Macfarlanes’ chief knowledge and innovation officer Chris Tart-Roberts speaks to The Lawyer about the legal profession of tomorrow, as part of the Business Leadership Series.
Who do you envision being the next big revenue generators in law firms after lawyers?
We’re already seeing diversification within firms in terms of the range of professionals who contribute to revenue generation. Expertise in legal technology, data science and analytics, product design and development, and project management, among others, is becoming increasingly important, and that is only going to continue and that diversification increase further. I believe it will become more and more common to see teams with a blend of skills – not just purely “legal” – being fielded to meet particular client needs.
How can firms attract and retain diverse and progressive minds into the fold?
The legal professional of tomorrow won’t necessarily look exactly the same as the lawyer of today and the success of a modern law firm will likely depend on a range of complementary expertise contributed by a variety of business professionals. We need to reflect that in the way that we recruit and train our lawyers, to ensure that they develop the right skills and expertise, and to offer compelling opportunities, recognition and structured career progression to those other professionals.
What will be the main lesson that firms take from the current climate?
The legal profession is often – and with some justification – characterised as change averse. However, as a result of recent circumstances, we’ve had to accommodate significant change really quickly and, on the whole, with considerable success. On a general level, I’d hope that, as a result of those positive experiences, some of those who might previously have been more reluctant to embrace change might be more receptive going forward. More specifically, I suspect that some of the flexibility we now have in terms of where we do our work from will persist, so it’ll be interesting to see how we rebalance time spent in the office and time spent working remotely as things settle.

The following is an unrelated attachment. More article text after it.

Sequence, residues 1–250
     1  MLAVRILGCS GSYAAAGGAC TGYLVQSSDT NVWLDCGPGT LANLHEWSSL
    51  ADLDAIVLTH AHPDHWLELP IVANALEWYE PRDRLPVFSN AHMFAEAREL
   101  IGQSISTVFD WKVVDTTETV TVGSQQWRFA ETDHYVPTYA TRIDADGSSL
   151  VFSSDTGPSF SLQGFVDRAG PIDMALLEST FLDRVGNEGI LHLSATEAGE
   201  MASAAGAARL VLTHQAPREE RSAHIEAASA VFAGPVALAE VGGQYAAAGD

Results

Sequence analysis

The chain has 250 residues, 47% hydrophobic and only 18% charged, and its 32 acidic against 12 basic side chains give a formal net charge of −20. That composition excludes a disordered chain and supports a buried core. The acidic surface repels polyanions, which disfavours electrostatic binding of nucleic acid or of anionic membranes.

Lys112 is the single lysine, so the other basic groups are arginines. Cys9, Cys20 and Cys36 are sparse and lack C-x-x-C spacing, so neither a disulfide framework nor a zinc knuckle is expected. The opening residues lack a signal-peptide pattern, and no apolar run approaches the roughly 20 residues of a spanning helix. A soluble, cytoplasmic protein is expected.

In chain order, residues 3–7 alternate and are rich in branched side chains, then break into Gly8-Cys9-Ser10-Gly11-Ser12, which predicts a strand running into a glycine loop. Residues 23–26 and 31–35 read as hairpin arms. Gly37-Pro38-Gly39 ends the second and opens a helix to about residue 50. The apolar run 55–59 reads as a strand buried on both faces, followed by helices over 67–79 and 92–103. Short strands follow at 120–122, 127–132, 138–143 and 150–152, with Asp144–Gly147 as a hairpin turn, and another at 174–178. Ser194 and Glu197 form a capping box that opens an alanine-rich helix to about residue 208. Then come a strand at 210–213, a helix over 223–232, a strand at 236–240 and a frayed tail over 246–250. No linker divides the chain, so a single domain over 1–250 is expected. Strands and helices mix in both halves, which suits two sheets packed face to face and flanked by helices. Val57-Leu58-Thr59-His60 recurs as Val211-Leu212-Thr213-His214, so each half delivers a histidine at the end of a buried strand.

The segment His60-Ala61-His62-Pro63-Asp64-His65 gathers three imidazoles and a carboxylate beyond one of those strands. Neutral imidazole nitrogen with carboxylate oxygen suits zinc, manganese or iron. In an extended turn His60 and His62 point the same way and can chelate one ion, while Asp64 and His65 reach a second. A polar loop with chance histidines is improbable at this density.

What other profession could you see yourself working within?
Probably something to do with property development. I love everything to do with buying and selling houses, moving house and renovating – there’s nothing I enjoy more after a hard day at the office than rolling my sleeves up and getting my hands dirty with a bit of DIY. Much to my partner’s dismay, we’re currently in our 11th home in 19 years (although I must admit it’s getting harder now as our 5 and 7 year olds are always eager to “help” – with varying degrees of success!).